Effects of the Active Parenting program on attitudinal change of parents, parent perceived behavioral change of children, and parent perceived change in family environment

Boccella, E.
Doctoral dissertation
Temple University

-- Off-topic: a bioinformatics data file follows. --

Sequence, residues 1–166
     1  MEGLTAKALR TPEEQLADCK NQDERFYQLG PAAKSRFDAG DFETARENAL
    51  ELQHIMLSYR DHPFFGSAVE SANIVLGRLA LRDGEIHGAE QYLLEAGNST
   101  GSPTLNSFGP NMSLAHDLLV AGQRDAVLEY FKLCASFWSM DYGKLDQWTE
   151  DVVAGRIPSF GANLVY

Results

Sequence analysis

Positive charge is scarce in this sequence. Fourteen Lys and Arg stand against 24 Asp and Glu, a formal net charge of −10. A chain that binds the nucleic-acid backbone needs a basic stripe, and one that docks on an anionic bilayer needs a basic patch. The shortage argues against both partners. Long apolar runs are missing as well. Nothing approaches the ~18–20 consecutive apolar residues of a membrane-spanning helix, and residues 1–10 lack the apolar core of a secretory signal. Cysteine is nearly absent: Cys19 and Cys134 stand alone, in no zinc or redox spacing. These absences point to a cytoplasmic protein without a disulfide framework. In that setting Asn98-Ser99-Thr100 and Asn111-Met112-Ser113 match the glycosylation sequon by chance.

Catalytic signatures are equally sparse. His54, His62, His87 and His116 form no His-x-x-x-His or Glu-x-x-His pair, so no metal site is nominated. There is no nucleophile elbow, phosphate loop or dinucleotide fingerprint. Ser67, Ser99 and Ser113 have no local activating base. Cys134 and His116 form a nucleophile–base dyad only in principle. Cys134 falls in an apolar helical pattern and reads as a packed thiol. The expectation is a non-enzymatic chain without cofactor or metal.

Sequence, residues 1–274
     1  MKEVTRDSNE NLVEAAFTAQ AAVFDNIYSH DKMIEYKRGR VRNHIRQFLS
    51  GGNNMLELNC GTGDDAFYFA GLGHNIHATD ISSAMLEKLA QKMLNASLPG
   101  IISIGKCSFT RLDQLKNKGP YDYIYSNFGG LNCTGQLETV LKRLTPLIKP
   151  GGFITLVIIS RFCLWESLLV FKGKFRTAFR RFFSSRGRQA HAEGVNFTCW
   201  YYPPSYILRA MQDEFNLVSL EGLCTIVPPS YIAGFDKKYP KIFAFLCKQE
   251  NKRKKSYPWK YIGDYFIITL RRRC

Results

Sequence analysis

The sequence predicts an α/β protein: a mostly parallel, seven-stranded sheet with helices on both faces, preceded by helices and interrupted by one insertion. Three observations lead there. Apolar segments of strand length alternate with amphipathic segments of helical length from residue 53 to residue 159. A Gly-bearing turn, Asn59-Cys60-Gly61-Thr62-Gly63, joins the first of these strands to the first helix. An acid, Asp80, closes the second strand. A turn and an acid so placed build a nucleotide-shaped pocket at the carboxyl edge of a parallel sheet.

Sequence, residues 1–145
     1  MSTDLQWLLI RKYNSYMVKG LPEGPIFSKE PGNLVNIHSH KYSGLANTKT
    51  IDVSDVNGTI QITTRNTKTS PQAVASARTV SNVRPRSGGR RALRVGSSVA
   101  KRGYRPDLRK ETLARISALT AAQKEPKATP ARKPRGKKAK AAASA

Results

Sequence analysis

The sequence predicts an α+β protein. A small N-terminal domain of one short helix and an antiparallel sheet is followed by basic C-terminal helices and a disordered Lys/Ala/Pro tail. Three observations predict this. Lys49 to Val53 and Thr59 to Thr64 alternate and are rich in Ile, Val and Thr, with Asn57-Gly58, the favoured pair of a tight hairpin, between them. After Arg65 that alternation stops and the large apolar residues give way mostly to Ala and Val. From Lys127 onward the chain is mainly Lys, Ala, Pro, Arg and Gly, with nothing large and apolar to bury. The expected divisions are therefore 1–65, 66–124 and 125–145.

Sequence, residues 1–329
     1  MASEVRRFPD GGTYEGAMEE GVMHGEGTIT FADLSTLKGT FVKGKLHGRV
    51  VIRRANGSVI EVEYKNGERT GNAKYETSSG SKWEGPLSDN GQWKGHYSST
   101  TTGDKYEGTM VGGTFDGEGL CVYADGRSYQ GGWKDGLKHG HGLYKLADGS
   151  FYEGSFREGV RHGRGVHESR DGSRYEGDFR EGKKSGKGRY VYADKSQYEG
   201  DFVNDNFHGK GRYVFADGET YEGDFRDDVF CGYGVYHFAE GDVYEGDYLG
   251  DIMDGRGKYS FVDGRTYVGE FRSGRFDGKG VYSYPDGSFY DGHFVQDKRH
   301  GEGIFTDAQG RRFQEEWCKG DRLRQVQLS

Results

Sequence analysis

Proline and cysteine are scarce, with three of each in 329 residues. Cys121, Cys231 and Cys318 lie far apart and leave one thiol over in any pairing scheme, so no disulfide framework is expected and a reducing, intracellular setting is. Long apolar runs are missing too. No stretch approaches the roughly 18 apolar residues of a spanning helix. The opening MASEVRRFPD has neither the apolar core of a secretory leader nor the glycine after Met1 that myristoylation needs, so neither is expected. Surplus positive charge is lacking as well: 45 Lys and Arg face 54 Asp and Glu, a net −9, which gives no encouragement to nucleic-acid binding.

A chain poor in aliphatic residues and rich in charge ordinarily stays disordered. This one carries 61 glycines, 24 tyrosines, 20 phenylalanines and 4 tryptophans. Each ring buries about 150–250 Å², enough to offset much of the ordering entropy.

This investigation examined the effects of the Active Parenting program and assessed the merit of the specific content areas and specific delivery systems. The study posed three major questions and one minor question. The three major questions were: 1) Does Active Parenting training have an effect on parent attitudes?; 2) Does Active Parenting training result in changes in child behavior as perceived by parents?; 3) Does Active Parenting training result in changes in family environment as perceived by parents? The minor question was: 1) What were the reactions of the participants in the Active Parenting program with respect to program content and delivery? The study utilized a two-group, randomized pre-/post-test design. One experimental group received Active Parenting training. The control group received no training. Instruments used in data collection were the Parent Attitude Survey Scale, the Child Behavior Checklist, and the Family Environment Scales. The data was compared for differences between the pre-test scores of the experimental and control groups, differences between the post-test scores of the experimental and control groups, and differences between the post-pre-test scores of the experimental and control groups. T-tests were used to assess the significance of the differences between the two independent samples for each variable. With respect to the minor question, the experimental group completed the Active Parenting Evaluation Survey, which was assessed by a descriptive evaluation. Results of the first major question, measured by The Parent Attitude Survey Scale, showed a significant treatment effect was apparent for the variables of causation, understanding, acceptance and trust. The second major question, measured by the Child Behavior Checklist, showed no significant treatment effects for this variable. The third major question, measured by the Family Environment Scales, showed no significant treatment effect for any of the variables measured. The minor question results showed that generally the content and delivery dimensions of the program were described as valuable to the participants as measured by the Active Parenting Evaluation Survey.